As for “knowing all the prosecutors,” we all know that prosecutors trust certain defense attorneys whom they know well and distrust certain defense attorneys they know well (along with attorneys they don’t really know). A trusted attorney can basically vouch for their client and, assuming he knows the prosecutor’s preferences, get a result that 1) is not asking something that the prosecutor won’t give, and 2) moves the prosecutor toward slightly more leniency. As a defense attorney, I could get certain prosecutors to do things like agree to recommend bail for my client because they trusted my judgement of the person. As a prosecutor, I’m willing to take a chance when Ms. X says a defendant can successfully do an alternative punishment whereas I don’t trust a word that Mr. Y says.

  4. Piedmont:

    That is a very slippery slope (if you will forgive the cliche). You have a duty to do your utmost on behalf of whomever is standing in front of the judge. At the same time, you seem to be suggesting that you might argue more strongly on behalf of one client versus another based on nothing more than your “judgement of the person.”

  5. It may not be as bad as all that, though. For one, sincerity is hard to fake. If a defense attorney sincerely believes their client is either 1) not guilty, or 2) willing to comply with plea or bond conditions, it often shows through.

    More abstractly, though, it’s something like the benefit of having someone represent you. A lawyer who is polite and friendly to prosecutors, and doesn’t have a history of doing shady things, is going to have the prosecutor more likely to agree with his requests. He may or may not be a better lawyer overall, especially when it comes down to a very guilty client who doesn’t want to take responsibility, but for the limited purpose of getting something like better pretrial release conditions or an alternative disposition, it’s usually better. You want that guy to try and resolve your Domestic Assault or Embezzlement case; you may want the scorched-earth guy for your Rape or DUI charge.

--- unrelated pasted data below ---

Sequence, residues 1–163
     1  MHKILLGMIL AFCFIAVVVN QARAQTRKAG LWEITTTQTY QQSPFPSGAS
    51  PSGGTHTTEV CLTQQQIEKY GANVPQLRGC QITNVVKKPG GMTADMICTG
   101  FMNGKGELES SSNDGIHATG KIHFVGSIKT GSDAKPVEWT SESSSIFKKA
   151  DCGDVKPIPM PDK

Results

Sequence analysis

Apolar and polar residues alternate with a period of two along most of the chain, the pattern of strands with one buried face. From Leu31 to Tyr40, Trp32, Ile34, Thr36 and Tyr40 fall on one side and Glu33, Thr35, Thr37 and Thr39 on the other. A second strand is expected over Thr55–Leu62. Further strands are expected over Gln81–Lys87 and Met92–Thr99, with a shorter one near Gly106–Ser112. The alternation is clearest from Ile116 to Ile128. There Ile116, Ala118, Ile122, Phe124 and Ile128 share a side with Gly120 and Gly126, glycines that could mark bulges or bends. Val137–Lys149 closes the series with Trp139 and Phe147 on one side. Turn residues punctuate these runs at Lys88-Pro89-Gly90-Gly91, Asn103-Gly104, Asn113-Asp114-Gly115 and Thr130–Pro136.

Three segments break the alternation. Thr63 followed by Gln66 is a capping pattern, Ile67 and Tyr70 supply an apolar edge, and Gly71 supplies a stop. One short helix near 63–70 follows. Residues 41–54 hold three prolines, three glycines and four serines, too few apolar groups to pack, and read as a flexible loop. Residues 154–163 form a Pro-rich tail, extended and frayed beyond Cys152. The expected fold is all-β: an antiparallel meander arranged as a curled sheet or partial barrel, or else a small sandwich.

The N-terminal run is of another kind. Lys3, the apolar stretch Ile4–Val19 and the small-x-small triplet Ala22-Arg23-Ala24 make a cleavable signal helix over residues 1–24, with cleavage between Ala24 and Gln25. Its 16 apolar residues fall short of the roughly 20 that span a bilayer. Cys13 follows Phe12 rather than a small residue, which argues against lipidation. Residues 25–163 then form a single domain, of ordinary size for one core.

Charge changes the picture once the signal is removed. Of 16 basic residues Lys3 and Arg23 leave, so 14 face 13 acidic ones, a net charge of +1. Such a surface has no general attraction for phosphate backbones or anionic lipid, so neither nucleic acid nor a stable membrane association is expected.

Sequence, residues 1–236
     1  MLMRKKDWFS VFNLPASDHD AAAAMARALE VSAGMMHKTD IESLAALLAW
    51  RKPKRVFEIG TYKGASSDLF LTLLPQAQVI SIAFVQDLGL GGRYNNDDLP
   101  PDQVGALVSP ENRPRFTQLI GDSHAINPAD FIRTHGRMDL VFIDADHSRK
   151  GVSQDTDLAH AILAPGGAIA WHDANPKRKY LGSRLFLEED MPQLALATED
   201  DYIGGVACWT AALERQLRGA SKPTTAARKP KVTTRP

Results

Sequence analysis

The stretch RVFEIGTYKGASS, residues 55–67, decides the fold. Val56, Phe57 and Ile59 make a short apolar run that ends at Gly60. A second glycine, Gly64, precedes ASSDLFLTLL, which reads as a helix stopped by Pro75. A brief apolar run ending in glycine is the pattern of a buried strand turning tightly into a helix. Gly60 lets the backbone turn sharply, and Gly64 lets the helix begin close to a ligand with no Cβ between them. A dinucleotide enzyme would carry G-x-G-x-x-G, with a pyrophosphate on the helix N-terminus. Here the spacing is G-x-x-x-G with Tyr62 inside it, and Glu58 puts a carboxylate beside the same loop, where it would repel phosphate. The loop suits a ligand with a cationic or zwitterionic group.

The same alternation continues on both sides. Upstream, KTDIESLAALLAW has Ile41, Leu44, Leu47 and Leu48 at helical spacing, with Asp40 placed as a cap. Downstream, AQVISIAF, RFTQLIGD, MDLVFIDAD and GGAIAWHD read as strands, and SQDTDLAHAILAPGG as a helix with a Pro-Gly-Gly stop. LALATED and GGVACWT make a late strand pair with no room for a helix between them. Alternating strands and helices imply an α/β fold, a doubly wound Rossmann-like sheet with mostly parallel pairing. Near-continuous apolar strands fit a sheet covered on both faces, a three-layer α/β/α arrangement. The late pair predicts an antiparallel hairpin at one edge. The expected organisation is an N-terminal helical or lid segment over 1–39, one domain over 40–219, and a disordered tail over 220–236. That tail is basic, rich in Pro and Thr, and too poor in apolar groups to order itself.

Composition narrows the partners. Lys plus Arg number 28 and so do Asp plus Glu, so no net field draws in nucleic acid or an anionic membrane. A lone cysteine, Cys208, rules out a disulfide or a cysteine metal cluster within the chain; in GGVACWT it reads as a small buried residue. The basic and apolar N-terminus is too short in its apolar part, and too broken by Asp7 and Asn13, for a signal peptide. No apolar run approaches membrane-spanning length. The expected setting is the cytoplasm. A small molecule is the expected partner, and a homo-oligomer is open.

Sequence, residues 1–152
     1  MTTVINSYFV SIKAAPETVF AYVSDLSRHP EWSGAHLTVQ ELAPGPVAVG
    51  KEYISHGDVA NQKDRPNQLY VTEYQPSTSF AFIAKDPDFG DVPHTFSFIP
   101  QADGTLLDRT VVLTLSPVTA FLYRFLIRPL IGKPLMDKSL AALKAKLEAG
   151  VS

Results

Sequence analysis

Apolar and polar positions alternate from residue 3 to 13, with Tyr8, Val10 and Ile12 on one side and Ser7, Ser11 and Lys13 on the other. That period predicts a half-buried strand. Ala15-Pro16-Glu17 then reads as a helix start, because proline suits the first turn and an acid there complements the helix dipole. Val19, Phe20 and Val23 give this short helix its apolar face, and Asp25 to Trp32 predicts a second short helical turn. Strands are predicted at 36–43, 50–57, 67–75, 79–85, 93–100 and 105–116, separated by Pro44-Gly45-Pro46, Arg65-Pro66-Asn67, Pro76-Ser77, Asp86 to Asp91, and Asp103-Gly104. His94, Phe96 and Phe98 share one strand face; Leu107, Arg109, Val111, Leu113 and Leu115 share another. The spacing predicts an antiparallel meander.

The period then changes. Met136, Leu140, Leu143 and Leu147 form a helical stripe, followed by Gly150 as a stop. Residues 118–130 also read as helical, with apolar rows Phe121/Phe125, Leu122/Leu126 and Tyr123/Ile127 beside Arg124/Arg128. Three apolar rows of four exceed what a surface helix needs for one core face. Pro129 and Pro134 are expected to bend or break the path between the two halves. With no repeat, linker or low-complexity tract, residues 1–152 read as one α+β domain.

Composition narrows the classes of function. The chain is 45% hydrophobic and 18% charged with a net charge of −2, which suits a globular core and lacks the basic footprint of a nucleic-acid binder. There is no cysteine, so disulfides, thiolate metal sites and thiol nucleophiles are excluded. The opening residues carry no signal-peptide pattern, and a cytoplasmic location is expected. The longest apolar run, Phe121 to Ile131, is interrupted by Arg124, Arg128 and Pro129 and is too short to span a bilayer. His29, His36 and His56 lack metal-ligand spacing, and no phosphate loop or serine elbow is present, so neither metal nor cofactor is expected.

6. As an attorney who had never set foot in a court room until I got jammed up with a DWI/refusal in Fairfaix last year, I’m not sure I agree with the above. Being a numbers guy, I data mined several years of records from the courthouse to see who I should consider hiring to represent me for the DUI. What I learned from reviewing the data is that the typical outcome in an uncomplicated 1st DWI refusal is a plea to DWI in exchange for NP of the refusal. I saw that a small handful of attorneys; however, were EXTREMELY successful at obtaining non DWI dispositions for their 1st offender refusals.

    Needless to say, I hired the numerically winningest DUI guy out there. I’m sure you know him professionally.

    On my adjudication date I left the courthouse with no DWI and no criminal charge of any sort. Was it his mastery of the law that saved me? Maybe, but I doubt it. The DWI law isn’t that complex. My lawyer disappeared into an alcove for 5 minutes with the ACA and the cop, a sweetheart deal was struck, and my case was called at the VERY END OF THE DOCKET when everyone else had cleared out of the courtroom. Was that an accident? I walked out of there feeling like the facts of my case were almost incidental to the attorneys’ personal rapport.